Freedom of Information Act (FOIA) requests to the U.S. Food and Drug Administration (FDA) serve a critical function. Through them, people can access records the FDA doesn’t voluntarily make public. Given that the FDA ensures foods, drugs, vaccines, cosmetics, and many other staples of our daily lives are safe, there’s bound to be important information in those records that the public ought to know.
But when faced with having to respond to thousands of FOIA requests each year, including some that require producing hundreds of thousands of pages, compiling information for its responses to these requests is as time-consuming and painstaking for the FDA as clearing out the 10,000 unread emails in your personal email account is for you. There could be many reasons for delays in responding, such as a lack of resources, inefficient processes, bureaucratic red tape, and outdated technology.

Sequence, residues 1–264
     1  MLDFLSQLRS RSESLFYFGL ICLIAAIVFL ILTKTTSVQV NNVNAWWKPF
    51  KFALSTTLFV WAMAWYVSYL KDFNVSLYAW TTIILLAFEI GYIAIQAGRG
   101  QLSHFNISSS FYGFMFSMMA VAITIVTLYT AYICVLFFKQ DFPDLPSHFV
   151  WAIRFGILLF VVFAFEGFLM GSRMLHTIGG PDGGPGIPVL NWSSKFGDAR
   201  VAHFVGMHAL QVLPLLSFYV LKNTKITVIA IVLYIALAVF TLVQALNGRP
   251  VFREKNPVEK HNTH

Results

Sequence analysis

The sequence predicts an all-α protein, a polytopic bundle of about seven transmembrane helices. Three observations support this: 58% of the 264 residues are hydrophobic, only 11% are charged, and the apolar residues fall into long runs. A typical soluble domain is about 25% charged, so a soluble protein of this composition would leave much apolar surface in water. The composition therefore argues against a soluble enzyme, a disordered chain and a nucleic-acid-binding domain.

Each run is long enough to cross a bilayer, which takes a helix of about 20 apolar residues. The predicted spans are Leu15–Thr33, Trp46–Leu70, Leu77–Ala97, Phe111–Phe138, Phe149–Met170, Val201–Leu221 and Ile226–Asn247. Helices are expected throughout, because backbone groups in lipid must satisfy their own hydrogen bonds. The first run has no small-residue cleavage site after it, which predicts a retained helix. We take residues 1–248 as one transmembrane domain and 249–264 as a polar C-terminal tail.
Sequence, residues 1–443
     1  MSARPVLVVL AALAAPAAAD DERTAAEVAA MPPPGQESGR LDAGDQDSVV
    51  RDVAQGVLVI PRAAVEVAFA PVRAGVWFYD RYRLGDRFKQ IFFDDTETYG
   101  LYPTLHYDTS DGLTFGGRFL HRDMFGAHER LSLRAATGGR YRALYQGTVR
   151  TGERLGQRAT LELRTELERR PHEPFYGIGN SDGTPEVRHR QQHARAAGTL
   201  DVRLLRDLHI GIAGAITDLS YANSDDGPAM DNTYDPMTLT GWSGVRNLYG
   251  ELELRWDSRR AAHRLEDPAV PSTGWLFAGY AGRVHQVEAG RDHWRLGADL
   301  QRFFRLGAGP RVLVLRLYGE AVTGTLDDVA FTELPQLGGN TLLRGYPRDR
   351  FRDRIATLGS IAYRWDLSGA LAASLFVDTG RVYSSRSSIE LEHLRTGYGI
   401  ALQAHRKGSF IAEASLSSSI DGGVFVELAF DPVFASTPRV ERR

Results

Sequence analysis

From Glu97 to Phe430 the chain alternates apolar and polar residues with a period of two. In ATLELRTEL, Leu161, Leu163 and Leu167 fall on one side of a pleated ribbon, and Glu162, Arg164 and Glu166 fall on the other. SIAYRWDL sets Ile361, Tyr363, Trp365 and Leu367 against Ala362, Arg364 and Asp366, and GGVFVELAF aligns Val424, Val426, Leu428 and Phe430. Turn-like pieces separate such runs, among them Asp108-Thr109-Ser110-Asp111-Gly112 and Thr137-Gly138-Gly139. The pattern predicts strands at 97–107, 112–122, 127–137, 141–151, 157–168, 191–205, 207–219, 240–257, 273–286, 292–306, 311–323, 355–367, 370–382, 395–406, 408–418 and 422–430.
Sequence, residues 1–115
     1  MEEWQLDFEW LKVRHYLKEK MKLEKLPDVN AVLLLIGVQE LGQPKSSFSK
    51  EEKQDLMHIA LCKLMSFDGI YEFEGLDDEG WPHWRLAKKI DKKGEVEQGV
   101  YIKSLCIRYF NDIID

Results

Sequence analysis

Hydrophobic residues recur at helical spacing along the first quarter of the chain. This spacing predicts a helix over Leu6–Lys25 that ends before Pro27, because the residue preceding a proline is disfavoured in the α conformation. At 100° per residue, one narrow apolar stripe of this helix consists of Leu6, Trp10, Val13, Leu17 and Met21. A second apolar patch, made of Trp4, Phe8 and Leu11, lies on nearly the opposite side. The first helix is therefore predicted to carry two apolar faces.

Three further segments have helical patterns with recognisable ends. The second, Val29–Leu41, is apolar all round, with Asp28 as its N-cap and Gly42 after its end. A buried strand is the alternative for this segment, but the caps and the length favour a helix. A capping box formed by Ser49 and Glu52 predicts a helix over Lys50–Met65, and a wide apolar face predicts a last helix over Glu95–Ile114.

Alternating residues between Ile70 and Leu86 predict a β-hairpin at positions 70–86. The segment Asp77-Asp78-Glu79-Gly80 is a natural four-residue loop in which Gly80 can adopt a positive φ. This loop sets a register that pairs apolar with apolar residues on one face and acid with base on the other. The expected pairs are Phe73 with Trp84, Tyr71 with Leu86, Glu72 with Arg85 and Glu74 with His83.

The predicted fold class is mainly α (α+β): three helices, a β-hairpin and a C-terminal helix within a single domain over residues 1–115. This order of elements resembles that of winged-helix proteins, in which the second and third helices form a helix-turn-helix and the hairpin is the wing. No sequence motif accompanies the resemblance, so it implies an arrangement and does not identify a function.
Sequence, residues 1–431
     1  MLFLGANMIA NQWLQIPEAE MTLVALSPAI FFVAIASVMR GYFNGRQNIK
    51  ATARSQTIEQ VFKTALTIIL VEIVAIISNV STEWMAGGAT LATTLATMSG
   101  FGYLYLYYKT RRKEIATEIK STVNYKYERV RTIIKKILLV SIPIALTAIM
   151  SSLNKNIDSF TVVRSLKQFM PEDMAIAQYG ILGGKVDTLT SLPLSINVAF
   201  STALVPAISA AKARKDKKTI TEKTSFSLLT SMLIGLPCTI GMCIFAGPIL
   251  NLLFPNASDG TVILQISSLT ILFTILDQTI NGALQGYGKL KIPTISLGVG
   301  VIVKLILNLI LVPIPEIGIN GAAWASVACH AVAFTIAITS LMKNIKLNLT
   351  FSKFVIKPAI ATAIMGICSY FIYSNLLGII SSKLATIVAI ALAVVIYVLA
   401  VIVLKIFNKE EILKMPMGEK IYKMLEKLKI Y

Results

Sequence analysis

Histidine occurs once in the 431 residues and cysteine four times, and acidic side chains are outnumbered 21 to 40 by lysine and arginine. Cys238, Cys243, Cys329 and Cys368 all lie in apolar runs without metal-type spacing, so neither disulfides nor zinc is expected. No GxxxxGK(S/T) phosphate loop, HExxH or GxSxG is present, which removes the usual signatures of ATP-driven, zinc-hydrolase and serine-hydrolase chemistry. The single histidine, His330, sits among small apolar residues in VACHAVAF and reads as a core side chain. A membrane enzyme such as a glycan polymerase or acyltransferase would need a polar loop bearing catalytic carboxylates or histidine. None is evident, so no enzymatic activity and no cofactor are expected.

As a result, requesters can end up receiving responses to their requests too late for their purposes, rendering the information useless. Not to mention, the FDA’s own inefficiency wastes its limited resources.
In this post, we look at recent FDA FOIA request data, including how quickly it responds to requesters. We then look at how advancements in discovery software could help the FDA streamline its FOIA response process.
FDA FOIA Requests: The Big Picture
In a recent blog post, an attorney from Epstein Becker & Green analyzed data released by the FDA regarding its FOIA logs and processes. He obtained the information through — wait for it — a FOIA request.